Judge Jane B. Stranch has joined the growing group of judges who are itching to have the entire Sixth Circuit revisit a disability law decision that goes against the bulk of authority in other circuits.
The Sixth Circuit is in the distinct minority of jurisdictions that require plaintiffs suing under the Americans with Disabilities Act (ADA) to show that their disability was the “sole reason” they were fired from their jobs. See “6th Circuit: Go ahead, take another crack at this”
Most other circuits use a “motivating factor” standard.
Since 1996, when a 6th Circuit panel issued the “sole reason” standard in Monette v. Electronic Data Systems Corp., 90 F.3d 1173 (6th Cir. 1996), other panels have had to fall in line because one panel can’t overrule another.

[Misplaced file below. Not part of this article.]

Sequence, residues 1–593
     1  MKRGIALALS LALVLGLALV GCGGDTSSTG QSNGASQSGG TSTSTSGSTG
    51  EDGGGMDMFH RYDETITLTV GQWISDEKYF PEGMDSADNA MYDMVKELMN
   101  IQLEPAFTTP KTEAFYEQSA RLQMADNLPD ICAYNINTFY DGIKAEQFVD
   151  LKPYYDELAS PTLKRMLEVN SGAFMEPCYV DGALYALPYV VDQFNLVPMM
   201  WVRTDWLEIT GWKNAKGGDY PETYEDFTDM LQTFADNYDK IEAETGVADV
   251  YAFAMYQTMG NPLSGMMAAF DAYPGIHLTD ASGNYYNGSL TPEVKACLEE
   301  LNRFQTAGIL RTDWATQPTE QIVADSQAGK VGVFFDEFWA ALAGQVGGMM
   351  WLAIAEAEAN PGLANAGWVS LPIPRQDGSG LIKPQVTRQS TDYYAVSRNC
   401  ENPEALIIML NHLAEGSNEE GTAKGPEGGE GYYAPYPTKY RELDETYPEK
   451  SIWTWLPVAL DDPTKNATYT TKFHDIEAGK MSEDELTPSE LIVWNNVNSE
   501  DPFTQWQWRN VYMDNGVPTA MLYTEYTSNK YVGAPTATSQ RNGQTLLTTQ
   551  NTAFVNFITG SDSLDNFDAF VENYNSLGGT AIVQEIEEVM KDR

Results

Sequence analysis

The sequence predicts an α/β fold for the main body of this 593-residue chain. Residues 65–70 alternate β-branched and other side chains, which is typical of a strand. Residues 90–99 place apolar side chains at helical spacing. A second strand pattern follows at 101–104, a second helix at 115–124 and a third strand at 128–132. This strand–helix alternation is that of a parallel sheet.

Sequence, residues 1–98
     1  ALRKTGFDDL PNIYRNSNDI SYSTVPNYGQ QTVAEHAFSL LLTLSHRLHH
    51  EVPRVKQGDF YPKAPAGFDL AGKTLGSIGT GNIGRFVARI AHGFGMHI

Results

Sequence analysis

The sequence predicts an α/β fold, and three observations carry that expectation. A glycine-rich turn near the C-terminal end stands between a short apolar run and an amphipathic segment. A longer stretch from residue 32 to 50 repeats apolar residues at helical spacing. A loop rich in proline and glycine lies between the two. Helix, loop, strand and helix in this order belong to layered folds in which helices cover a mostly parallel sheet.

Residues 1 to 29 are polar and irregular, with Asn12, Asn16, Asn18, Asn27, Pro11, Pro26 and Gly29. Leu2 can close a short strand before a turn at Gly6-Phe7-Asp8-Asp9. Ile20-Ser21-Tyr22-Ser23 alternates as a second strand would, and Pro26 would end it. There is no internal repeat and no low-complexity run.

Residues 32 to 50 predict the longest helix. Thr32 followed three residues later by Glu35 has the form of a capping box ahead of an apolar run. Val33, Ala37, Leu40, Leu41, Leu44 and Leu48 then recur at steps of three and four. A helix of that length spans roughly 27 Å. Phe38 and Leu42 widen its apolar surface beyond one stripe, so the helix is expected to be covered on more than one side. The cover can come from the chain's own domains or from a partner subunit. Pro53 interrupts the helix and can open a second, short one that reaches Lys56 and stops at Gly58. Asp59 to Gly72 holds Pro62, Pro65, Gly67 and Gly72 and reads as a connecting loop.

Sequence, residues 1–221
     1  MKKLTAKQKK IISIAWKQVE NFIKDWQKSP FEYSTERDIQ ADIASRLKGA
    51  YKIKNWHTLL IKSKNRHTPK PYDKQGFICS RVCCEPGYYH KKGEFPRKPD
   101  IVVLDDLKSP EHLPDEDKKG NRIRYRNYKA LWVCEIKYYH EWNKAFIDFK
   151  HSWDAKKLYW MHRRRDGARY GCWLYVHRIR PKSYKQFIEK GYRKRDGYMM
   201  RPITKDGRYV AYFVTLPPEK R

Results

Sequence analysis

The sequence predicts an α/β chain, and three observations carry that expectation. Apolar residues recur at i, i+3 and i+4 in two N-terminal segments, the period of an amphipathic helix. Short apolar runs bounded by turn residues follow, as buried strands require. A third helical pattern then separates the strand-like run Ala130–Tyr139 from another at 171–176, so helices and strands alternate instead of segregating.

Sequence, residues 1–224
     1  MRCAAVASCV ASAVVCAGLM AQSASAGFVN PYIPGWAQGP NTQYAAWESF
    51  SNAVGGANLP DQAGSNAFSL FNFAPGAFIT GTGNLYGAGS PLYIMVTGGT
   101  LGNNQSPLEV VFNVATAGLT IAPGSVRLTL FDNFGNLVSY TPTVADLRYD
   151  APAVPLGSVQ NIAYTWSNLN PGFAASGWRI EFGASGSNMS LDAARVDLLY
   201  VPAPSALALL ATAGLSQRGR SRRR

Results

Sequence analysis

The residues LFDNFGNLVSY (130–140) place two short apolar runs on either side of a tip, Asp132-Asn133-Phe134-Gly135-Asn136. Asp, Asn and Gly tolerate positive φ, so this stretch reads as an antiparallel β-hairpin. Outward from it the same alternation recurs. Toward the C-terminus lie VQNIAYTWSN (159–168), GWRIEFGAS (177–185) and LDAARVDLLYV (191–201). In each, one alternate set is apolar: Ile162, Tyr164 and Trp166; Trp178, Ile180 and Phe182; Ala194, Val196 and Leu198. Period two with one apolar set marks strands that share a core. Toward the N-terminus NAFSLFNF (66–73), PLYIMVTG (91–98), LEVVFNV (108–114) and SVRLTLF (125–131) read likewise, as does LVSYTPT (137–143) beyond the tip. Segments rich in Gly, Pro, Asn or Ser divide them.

Some judges have openly suggested that Monette was incorrectly decided. Judge Richard Allen Griffin, concurring in Lewis v. Humboldt Acquisition Corp., is one of them.
And Judge Gilbert Merritt, who wrote the majority opinion in Lewis, broadly hinted that plaintiff’s counsel should seek en banc rehearing of the case.
Indeed we should, said Stranch, concurring in Whitfield v. State of Tennessee, et al. Stranch said that the “sole reason” standard was borrowed from the federal Rehabilitation Act, which:
prohibits discrimination against an individual “solely by reason of his or her disability,” 29 U.S.C. § 794(a)[.]
[T]he ADA prohibits discrimination’on the basis of’ the individual’s disability, 42 U.S.C. § 12112(a). While the text of the RA mandates the sole motivation standard, no derivation of the word “sole” appears in any liability provision of the ADA. …
I take this opportunity to lend my voice to the others that have urged the en banc court to reconsider our initial importation of the sole motivation standard from the RA into the ADA. I do not find our position justifiable in light of the tenets of statutory construction.
Michael L. Weinman of Jackson, Tenn., the plaintiff’s attorney in Lewis, says he will pursue an en banc hearing.